Years later, I flew over Meigs countless times flying into ORD or MDW in US Airways DC-9s, B-737s, MD-80s and Air Buses and considered Meigs to be a jewel of an airport along the beautiful Lake Michigan shore.
    The day after the desecration, I was flying into Midway and asked ATC what had happened to Meigs. I was told that Mayor Daley couldn’t wait for the legal system to do his dirty work so he had it done on his own accord. The Daley Dynasty earned its reputation for being above the law and all running the city as a fiefdom. The under-utilized and marginally maintained lakeside park is all that is left of a once beautiful airport. It is currently a monument to hubris and dirty politics. RIP, Chicago Meigs Field!

  21. Patrick Considine
    Patrick Considine says:

    I also have a great picture from a fly in to Meigs field for a friend’s of Meigs get together with the Chicago skyline in the back ground with the “Barbie III” N5548N and the Lima Lima group. Was a great airport on the lake front.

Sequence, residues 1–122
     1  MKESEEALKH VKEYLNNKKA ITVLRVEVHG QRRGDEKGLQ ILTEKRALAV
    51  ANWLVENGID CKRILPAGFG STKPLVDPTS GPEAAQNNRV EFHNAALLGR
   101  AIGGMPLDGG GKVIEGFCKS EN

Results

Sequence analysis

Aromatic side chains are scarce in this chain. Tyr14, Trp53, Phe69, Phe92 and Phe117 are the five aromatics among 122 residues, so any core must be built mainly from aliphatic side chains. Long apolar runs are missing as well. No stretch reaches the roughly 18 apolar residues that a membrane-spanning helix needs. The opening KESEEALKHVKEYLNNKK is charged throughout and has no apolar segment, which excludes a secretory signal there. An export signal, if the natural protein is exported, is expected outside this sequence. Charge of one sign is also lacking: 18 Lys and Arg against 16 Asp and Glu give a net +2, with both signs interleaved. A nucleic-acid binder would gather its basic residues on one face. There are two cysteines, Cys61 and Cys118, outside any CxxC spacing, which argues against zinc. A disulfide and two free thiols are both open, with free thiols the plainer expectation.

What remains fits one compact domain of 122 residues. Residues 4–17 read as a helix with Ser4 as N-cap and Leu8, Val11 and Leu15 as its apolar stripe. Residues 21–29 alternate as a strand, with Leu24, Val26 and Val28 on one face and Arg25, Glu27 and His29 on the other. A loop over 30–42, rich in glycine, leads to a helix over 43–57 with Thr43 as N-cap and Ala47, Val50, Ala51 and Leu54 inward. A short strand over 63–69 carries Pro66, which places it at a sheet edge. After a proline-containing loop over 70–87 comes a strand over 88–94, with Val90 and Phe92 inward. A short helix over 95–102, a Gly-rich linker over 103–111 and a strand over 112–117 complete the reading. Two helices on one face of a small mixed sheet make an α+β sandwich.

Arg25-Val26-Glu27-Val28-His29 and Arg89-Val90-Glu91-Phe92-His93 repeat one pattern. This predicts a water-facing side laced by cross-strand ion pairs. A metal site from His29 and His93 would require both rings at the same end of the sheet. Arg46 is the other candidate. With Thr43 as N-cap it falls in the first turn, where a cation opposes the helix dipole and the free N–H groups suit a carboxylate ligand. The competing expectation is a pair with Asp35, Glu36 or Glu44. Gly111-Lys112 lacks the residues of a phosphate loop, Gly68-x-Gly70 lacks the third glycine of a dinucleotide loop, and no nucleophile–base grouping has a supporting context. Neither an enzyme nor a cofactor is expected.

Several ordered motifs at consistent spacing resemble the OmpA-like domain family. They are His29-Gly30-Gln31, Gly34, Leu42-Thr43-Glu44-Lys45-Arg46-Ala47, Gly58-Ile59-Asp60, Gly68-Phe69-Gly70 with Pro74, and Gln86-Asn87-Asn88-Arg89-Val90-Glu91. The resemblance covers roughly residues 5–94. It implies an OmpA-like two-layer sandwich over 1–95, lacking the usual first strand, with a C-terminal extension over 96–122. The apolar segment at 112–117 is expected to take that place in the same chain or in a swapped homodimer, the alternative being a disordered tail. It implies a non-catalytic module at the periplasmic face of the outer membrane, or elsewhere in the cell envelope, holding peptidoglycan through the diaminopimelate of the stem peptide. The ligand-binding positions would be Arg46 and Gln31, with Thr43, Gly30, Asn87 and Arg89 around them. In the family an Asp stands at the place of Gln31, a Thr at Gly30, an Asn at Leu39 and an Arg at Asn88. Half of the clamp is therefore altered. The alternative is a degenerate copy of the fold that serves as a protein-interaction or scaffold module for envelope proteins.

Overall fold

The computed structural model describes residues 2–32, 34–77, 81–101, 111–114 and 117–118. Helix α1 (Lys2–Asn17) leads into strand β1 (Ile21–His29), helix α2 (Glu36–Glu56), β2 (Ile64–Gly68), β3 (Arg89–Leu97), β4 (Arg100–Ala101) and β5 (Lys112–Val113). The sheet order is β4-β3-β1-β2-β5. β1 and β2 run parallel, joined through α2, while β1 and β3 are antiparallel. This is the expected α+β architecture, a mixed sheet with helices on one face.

22. Stu Sibitzky
    Stu Sibitzky says:

    Meigs was so much to so many and that includes the downtown merchants that benefited from the close proximity. The fact that Daley was allowed to get away with it is beyond comprehension. What a slime-ball!

  23. Jim
    Jim says:

    I had heard that the real reason Daley wanted Miegs shut down was because it was convenient, for the then Republican governor, to fly in there when doing business in down town Chicago. By destroying the airport he now had to fly into Midway which wasn’t as convenient.

    Whatever the reason, Daley should have gone to jail. That’s certainly what would have happened to any of us if we decided to plow up an airport’s runway.


Leave a Reply

Want to join the discussion?
Feel free to contribute!

Leave a Reply

Your email address will not be published. Required fields are marked *